How To Raise Champion Athletes
(BY GUEST CONTRIBUTOR KAREN CROUSE)
In 2014, I traveled to a tiny town in Vermont to find out how it had become the unlikeliest of Olympic pipelines. What I discovered was a method to stop the madness in youth sports, a proven prescription for developing champion athletes without sacrificing their childhoods or their parents’ sanity.
Norwich, which has 3,000 residents, has put 11 of its own on U.S. Olympic teams, including two on Summer Olympic squads. Since 1984, the town has placed at least one Olympian on every U.S. Winter Olympic team but two. Breaking it down, roughly one out of every 322 residents is an Olympian, which led Hannah Kearney, a two-time Olympic medalist who grew up there, to tell me, “I don’t know if it’s the well water or what.”
The well water in Norwich is perfectly delicious, but the town’s outsize success in Olympic sports has more to do with the way it collectively rears its children, helping them succeed without causing burnout or compromising their future happiness. It’s how harried parents across America would like to bring up their children if not for the tiger moms and lawn mower dads in their midst.
The Norwich themes resonated deeply with me. I’ve covered sports for more than 30 years – the last 13 for the New York Times. I was a competitive swimmer who walked on at the University of Southern California. I never made a national team, I didn’t compete in an Olympics, turn pro or earn a college scholarship. And in my professional interactions with parents whose eyes are firmly on such prizes, I’ve increasingly had cause to wonder that if their kids grow up today with an experience like mine, will they somehow be made to feel as if their childhoods were wasted or that their sports experiences were failures because the extrinsic rewards eluded them? That would be deeply disheartening to me, because I am eternally grateful for all the intrinsic benefits I gained from sports – the lifelong friendships and the life lessons like discipline, resilience, goal-setting, delayed gratification and teamwork that have served me so well in her post-sports life.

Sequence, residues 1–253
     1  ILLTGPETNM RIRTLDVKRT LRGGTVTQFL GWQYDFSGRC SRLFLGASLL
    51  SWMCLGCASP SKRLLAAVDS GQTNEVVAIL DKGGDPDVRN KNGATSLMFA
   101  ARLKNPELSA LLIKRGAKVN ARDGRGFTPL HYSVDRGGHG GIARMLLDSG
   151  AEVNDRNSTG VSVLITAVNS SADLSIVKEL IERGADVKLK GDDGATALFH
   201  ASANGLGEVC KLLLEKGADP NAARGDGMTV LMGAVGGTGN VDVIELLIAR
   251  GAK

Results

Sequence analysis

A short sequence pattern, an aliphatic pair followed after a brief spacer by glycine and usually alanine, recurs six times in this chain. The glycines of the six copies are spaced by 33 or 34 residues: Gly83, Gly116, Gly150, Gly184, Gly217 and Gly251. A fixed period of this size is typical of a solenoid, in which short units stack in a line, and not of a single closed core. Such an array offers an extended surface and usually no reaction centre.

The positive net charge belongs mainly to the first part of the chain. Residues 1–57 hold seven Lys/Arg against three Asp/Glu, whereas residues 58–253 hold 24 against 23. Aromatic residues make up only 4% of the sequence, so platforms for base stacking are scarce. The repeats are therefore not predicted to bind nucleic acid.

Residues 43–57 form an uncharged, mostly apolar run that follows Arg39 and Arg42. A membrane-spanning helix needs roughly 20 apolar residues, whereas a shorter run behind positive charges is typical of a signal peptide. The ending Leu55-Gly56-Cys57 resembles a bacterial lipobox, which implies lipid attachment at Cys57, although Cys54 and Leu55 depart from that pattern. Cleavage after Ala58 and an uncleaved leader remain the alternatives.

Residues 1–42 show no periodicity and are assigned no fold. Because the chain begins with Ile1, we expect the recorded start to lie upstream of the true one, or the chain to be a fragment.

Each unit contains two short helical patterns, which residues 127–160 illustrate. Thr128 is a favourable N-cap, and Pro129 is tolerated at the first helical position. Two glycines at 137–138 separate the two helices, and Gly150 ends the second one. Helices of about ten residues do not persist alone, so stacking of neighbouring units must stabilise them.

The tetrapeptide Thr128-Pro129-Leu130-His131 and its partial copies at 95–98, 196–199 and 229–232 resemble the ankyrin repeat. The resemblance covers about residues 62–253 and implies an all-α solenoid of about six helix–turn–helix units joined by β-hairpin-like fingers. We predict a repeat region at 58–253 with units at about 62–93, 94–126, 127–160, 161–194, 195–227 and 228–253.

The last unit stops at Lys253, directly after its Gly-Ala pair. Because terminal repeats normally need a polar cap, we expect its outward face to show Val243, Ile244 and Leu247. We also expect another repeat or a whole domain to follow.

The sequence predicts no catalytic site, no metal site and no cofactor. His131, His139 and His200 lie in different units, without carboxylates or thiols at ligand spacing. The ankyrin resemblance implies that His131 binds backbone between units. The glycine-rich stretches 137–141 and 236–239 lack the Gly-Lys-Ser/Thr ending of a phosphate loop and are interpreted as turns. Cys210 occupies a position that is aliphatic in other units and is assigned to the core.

The Norwich parents have succeeded wildly almost by accident. They aren’t hypnotists dangling college scholarships, Olympic medals or pro contracts in front of their young children, hoping to induce championship behavior. Ten of the 11 Norwich Olympians played multiple sports through high school. Only the first, the alpine skier Betsy Snite in the 1950s, specialized at a young age. The benefits of changing sports with the seasons were charmingly evident in the story of Andrew Wheating, who began running track as a senior in high school and graced his first U.S. Olympic team less than three years later, in 2008.
The Norwich parents treat sports as a family bonding exercise. They attend their children’s activities but they are easy to overlook because they remain in the background. They praise effort, not results, and send a loud and clear message that community trumps competition by embracing the success of neighbor children rather than just their own.
In 2010, Kearney won the gold medal in the women’s moguls, prompting the excited owner of the local general store – whose motto is “If we don’t have it, you don’t need it” – to produced bumper stickers that he sold to the proud townspeople. When Kearney returned home, the store owner presented her with a check for the proceeds of the bumper sticker sales. Kearney took the money, which amounted to a couple hundred dollars, and on her own decided to give it to the children’s librarian at the Norwich branch to invest in sports books for pre-teen girls. Kearney’s mother told me that when she found out much about her daughter’s donation to the library, she was more proud of her than when she won the gold medal.
The culture created almost by accident in Norwich can be replicated elsewhere, but it requires parents to refrain from micromanaging their children’s lives and instead act as their guides to charity, mindfulness, curiosity, perspective and a healthy life anchored by physical activity. Their mantra is not “Do as I say, not as I do.” The adults in Norwich make a conscious effort to be the people they want their children to become. They see themselves as educators, not emissaries assigned to deliver their children to the ranks of professional sports. That some of these children have become professional athletes and Olympic and world champions is celebrated as a really cool side benefit of a happy, healthy and meaningful life. (Read more about this story)
Karen Crouse is an award-winning sportswriter who has been on the staff of The New York Times since 2005. She is a graduate of the University of Southern California, where she was also a swimmer. Her book Norwich, One Tiny Vermont Town’s Secret to Happiness and Excellence was published in 2018.
(Click HERE or on the image above to buy Karen’s book on Amazon. )